The organizer of the meeting, Pastor Darrell Scott of Cleveland, told the National Review, “I’m supporting a man I know, someone who actually has the background and economic experience to lift black communities up.”
Trump throughout the race has criticized Obama for how his policies hurt black Americans, telling ABC’s George Stephanopoulos Sunday, “We have an African-American president and the black youth, the African-American youth, has essentially all never done worse. You look at the unemployment in the ’50s. You look at African-American people that are 30 and 35 and 40, in the height of their strength and lives, and they’re doing horribly.”
A pollster, wishing to remain unnamed, told Politico that while Trump is a ultra wealthy white businessman from New York City, “he behaves in a way that most minorities would not expect a billionaire to behave,”
Scott agreed with this notion saying, “A lot of what people paint as racism — it’s not racism, it’s cultural. He’s a 69-year-old white man from upstate New York who happens to be a billionaire. And yet it’s not like he’s wearing a white sailor cap and a sweater tied around his neck, hanging out on his yacht. He’s still working hard every day, putting in office hours.”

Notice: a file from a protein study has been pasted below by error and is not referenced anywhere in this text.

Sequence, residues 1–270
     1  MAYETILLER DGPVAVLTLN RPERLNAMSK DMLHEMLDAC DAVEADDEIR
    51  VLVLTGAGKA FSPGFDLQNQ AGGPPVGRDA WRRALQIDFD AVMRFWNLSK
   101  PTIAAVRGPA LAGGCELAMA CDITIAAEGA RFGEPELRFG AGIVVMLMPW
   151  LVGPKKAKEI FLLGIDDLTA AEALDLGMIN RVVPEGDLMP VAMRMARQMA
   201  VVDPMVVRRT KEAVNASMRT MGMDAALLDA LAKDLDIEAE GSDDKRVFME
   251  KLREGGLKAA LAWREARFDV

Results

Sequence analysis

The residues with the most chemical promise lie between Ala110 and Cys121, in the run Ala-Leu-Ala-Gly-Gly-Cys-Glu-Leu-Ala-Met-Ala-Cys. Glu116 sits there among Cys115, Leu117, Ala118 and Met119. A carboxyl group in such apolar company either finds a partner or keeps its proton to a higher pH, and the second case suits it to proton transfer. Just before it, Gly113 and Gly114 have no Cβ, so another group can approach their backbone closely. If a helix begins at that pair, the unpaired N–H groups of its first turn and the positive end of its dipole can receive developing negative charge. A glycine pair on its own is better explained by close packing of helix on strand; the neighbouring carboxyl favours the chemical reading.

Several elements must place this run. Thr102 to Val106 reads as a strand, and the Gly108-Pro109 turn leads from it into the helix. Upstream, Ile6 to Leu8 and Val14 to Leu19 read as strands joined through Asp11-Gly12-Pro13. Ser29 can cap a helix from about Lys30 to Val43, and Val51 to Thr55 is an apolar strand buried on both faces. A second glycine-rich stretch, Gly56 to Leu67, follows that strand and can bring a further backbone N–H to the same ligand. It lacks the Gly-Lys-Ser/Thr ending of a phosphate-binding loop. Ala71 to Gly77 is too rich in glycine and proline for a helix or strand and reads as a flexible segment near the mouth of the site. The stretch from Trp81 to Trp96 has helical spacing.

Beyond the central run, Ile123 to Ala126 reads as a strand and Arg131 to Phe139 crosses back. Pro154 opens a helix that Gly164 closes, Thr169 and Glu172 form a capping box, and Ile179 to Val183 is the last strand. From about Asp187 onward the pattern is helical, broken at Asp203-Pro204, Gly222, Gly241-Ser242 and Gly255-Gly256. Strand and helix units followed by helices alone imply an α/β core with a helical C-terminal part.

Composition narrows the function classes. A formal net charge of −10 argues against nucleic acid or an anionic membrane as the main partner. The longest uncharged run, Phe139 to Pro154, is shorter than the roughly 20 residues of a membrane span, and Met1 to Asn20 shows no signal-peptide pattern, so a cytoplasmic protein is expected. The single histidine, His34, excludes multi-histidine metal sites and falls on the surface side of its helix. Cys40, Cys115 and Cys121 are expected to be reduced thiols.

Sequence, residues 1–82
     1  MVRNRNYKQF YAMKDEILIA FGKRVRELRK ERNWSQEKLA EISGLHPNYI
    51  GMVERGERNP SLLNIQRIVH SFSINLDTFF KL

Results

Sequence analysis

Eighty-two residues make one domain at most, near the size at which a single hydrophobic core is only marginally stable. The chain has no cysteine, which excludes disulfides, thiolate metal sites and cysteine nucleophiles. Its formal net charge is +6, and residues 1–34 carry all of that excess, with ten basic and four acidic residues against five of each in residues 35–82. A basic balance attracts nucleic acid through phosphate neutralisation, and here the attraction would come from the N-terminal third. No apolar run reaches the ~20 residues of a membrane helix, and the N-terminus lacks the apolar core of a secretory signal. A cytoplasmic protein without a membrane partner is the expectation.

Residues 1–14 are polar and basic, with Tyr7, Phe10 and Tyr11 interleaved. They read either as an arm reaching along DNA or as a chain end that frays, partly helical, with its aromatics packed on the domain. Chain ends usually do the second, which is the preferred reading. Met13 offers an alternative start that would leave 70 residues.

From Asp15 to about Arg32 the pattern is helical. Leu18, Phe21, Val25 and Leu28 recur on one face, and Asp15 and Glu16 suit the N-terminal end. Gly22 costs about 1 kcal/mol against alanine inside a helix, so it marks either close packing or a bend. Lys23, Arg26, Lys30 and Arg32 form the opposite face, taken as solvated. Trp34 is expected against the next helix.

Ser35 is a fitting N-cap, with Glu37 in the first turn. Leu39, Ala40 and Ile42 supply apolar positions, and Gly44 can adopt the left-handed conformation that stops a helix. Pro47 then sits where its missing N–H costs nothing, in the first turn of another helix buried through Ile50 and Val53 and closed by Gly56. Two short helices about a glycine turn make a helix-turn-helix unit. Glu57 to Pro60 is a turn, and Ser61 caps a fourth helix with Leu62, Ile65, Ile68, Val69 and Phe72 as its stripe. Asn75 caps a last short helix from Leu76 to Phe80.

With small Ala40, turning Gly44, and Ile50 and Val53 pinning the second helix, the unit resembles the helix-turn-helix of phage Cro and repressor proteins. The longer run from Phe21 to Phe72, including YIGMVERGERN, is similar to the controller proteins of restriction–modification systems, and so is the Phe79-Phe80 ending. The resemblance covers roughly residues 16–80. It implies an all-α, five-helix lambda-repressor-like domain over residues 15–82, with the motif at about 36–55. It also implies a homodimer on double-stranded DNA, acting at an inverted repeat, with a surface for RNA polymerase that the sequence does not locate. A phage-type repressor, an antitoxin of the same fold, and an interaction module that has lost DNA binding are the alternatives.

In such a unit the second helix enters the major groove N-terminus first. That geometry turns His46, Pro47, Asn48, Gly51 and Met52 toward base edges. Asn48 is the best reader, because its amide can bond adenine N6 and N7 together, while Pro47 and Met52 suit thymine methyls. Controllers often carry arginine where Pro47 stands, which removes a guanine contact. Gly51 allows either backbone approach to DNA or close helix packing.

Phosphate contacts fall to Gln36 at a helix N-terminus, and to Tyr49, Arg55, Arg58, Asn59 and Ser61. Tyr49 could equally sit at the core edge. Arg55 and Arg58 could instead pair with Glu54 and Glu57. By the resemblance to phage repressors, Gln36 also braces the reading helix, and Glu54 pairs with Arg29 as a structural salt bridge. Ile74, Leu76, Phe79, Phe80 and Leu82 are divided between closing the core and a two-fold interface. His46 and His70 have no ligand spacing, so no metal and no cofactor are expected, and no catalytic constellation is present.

A September poll had Trump winning 25 percent of the black vote in a hypothetical matchup against Hillary.
The path to the White House for Trump would also involve outreach to voters who previously would not have supported GOP tickets.
“We’re going to bring in states like New York, that are never in play for Republicans, Pennsylvania, Virginia, Ohio we’re going to win, we’re going to win Florida…We’re going to bring a lot of states in, that a traditional politician is never going to even go to to visit,” said Trump at a press conference in Iowa Tuesday.
His campaign manager, Corey Lewandwoski, told Politico that Trump would outperform Republican nominees in “rust belt” states due to his policies rejecting free trade. Lewandowski believes that Trump could even expand the electoral map to include traditionally Democratic strongholds such as Illinois and California.
“I’m unwilling to write Trump off any more. It’s foolish,” said pollster Frank Luntz.